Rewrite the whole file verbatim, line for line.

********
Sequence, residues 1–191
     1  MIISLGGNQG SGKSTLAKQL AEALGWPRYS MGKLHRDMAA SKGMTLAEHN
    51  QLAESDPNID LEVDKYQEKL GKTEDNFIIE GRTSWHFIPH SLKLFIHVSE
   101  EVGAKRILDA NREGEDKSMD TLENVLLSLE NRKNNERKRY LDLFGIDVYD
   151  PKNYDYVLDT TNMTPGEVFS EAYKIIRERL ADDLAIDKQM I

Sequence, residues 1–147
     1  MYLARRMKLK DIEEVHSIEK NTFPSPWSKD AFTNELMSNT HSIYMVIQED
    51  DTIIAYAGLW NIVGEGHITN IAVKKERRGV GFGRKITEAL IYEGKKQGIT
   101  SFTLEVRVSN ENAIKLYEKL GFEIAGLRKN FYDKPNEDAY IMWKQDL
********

Sequence, residues 1–191
     1  MIISLGGNQG SGKSTLAKQL AEALGWPRYS MGKLHRDMAA SKGMTLAEHN
    51  QLAESDPNID LEVDKYQEKL GKTEDNFIIE GRTSWHFIPH SLKLFIHVSE
   101  EVGAKRILDA NREGEDKSMD TLENVLLSLE NRKNNERKRY LDLFGIDVYD
   151  PKNYDYVLDT TNMTPGEVFS EAYKIIRERL ADDLAIDKQM I

Sequence, residues 1–147
     1  MYLARRMKLK DIEEVHSIEK NTFPSPWSKD AFTNELMSNT HSIYMVIQED
    51  DTIIAYAGLW NIVGEGHITN IAVKKERRGV GFGRKITEAL IYEGKKQGIT
   101  SFTLEVRVSN ENAIKLYEKL GFEIAGLRKN FYDKPNEDAY IMWKQDL